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On Kawara’s ‘One Million Years’ being performed at the Stedelijk Museum (photo by Pedro Botton/Flickr)

If you’ve ever wanted to sit at a table and read dates out loud for an hour — or rather, if you’ve ever wanted to be part of an On Kawara artwork — you’re about to get your chance. The Guggenheim is looking for volunteer readers as part of its upcoming On Kawara retrospective, which opens in February.

Kawara, who died this past June, is known for his relentlessly conceptual work, most famously his Today series, which involved the artist painting stark canvases that feature only the dates on which they were made. The Guggenheim show, On Kawara—Silence, will include a live reading of One Million Years, which the David Zwirner website describes as:

His epic project … a monumental series of twenty-four works comprising One Million Years [Past], which was dedicated to “all those who have lived and died,” and One Million Years [Future], addressed to “the last one.” The Past volumes, noting each year over an entire millennium from 998,031 BC, were started in 1970 and took two years to complete, while the Future years, begun in 1980, were written over the span of eighteen years and finish at 1,001,997 AD. Together the volumes make up 2,000,000 years.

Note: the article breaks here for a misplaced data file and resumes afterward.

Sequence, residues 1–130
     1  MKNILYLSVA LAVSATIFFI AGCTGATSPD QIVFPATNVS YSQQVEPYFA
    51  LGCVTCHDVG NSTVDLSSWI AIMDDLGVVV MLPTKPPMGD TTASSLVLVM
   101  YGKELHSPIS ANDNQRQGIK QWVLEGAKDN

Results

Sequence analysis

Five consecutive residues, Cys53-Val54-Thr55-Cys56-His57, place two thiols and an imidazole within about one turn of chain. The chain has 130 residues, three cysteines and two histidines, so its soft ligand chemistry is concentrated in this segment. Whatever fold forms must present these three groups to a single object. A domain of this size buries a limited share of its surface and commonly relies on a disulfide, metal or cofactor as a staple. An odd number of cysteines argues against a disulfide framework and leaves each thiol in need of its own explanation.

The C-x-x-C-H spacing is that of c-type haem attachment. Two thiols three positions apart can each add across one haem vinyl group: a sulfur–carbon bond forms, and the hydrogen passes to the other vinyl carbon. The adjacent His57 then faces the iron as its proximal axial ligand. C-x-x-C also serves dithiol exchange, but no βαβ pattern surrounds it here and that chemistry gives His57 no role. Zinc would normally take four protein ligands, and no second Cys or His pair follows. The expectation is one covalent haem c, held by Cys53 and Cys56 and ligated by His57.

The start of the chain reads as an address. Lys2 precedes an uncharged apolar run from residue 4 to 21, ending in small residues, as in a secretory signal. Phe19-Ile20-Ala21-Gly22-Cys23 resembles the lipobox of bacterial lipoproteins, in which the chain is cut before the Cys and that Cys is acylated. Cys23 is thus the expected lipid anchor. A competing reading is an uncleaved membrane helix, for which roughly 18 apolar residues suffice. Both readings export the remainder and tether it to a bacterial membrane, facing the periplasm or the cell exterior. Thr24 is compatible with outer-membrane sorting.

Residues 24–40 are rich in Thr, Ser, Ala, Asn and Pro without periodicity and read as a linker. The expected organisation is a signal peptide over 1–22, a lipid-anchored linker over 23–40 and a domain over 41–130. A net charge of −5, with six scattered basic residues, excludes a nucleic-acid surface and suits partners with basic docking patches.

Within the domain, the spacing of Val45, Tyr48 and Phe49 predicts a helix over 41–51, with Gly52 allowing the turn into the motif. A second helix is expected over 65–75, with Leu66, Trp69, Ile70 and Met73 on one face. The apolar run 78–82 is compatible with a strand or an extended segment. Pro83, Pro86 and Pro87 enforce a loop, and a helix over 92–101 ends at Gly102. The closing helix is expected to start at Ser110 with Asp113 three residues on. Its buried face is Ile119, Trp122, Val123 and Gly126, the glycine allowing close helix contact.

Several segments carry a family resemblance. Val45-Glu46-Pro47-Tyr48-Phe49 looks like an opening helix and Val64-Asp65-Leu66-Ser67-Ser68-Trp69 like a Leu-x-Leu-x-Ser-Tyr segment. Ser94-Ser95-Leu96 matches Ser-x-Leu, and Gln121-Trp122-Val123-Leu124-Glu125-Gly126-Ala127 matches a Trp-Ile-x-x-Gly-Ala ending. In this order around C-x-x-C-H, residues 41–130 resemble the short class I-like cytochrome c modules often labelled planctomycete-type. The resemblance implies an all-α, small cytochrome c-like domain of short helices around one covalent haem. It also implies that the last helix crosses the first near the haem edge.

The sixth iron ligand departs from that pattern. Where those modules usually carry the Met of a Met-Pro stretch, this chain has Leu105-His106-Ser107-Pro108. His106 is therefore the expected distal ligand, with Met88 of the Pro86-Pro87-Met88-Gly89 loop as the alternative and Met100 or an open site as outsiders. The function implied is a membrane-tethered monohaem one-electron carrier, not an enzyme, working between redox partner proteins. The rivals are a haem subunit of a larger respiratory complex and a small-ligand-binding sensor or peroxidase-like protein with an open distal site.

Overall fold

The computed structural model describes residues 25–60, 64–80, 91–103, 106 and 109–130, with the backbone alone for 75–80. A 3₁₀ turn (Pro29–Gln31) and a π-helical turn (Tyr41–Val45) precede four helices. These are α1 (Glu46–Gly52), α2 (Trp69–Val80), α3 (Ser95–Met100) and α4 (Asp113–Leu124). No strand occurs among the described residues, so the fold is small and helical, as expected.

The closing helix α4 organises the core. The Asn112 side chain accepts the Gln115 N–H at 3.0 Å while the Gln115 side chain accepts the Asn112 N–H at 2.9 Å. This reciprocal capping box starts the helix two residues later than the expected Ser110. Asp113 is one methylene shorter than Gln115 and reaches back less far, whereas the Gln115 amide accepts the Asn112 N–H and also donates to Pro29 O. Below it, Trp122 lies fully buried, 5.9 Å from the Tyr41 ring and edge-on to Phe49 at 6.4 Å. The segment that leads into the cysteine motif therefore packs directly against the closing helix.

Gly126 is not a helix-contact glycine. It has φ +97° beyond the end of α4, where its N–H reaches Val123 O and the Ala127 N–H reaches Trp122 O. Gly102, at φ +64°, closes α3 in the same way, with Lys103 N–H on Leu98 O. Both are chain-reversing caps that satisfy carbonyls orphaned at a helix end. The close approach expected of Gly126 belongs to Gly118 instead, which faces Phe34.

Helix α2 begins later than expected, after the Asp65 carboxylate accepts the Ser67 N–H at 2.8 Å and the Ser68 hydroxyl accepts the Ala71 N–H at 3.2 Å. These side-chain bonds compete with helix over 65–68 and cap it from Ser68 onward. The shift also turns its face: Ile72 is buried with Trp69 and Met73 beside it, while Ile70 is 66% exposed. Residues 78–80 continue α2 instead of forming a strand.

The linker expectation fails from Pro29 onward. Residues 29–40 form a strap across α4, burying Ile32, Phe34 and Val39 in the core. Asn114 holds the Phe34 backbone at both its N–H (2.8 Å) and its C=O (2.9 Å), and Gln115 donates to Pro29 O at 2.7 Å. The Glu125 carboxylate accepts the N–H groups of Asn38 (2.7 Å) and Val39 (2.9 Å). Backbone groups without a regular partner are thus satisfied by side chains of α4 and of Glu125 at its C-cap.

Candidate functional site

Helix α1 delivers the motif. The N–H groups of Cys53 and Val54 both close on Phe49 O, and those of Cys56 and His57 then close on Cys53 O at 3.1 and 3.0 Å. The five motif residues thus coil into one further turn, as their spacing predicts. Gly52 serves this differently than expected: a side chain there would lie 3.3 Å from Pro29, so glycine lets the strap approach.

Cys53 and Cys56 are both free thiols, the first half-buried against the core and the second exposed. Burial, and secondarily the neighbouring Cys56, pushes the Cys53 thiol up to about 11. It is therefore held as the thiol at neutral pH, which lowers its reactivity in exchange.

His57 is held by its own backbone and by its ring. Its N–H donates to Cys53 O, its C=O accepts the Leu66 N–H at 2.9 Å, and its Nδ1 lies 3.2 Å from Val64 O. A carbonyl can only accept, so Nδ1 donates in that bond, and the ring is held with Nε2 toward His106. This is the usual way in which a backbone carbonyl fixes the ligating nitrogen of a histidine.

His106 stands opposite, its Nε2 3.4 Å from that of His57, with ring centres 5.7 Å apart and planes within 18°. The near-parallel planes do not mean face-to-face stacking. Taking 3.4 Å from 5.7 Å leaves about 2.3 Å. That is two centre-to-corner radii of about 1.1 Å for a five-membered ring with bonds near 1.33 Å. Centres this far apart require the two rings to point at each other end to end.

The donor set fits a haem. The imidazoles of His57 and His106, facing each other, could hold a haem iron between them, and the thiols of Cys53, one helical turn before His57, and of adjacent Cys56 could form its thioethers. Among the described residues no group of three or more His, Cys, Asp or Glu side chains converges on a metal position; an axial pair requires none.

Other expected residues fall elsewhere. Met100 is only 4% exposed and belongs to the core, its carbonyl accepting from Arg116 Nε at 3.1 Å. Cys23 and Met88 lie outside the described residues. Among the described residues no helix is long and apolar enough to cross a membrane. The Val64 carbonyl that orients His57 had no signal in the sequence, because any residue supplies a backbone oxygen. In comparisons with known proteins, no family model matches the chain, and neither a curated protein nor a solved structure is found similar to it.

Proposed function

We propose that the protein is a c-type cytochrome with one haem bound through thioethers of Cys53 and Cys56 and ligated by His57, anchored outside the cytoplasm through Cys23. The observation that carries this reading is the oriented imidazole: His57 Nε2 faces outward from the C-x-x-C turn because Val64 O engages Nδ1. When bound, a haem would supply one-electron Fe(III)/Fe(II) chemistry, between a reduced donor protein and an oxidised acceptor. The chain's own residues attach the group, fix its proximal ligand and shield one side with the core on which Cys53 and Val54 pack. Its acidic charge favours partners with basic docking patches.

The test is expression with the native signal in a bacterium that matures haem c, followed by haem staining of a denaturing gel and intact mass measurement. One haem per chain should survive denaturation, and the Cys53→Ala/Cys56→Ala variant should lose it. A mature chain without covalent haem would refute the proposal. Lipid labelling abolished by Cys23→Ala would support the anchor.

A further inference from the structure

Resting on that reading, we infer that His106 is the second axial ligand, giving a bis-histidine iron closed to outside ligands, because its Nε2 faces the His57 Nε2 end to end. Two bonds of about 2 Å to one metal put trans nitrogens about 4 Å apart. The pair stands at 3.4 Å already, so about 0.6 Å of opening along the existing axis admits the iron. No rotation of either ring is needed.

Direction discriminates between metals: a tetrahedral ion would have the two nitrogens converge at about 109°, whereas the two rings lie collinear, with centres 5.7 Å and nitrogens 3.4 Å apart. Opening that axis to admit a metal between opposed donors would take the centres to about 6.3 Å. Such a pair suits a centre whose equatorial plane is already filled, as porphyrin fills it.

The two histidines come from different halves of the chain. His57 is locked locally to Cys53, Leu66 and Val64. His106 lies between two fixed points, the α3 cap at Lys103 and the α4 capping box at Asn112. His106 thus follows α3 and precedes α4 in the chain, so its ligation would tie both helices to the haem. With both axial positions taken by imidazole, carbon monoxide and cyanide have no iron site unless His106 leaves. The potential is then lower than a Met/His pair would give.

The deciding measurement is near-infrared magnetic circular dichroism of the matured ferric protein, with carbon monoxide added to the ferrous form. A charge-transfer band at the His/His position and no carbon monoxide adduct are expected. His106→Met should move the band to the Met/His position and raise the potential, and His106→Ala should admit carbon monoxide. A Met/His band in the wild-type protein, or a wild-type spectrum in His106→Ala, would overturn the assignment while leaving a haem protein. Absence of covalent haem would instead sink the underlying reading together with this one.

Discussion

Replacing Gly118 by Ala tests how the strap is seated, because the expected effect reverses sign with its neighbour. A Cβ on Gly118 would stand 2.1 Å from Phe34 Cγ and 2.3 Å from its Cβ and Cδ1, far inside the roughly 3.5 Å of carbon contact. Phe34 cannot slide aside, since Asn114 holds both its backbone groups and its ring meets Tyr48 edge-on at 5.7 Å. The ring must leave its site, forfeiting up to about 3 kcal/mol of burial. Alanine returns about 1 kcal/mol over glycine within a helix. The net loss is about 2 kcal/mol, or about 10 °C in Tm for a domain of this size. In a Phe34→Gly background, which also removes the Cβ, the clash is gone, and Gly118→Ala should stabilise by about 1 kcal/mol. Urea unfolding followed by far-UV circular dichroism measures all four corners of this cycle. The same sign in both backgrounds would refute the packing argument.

The work also exists as a performance in which two people, a man and a woman, sit and alternate reading dates from Past and Future. The first public reading of One Million Years took place in 1993 at the Dia Center for the Arts; its longest reading happened in 2002, over the course of Documenta 11’s full 100 days.

At the Guggenheim, volunteers will read the text aloud in the museum’s rotunda every Sunday, Wednesday, and Friday, 11am–5pm, for the run of the show (Feb. 6–May 3). Participants will receive free admission to the exhibition on the day of their reading. If you’re interested, email with “Volunteer” in the subject line. And if you want to know what you’re in for, this should give you a taste.

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Jillian Steinhauer is a former senior editor of Hyperallergic. She writes largely about the intersection of art...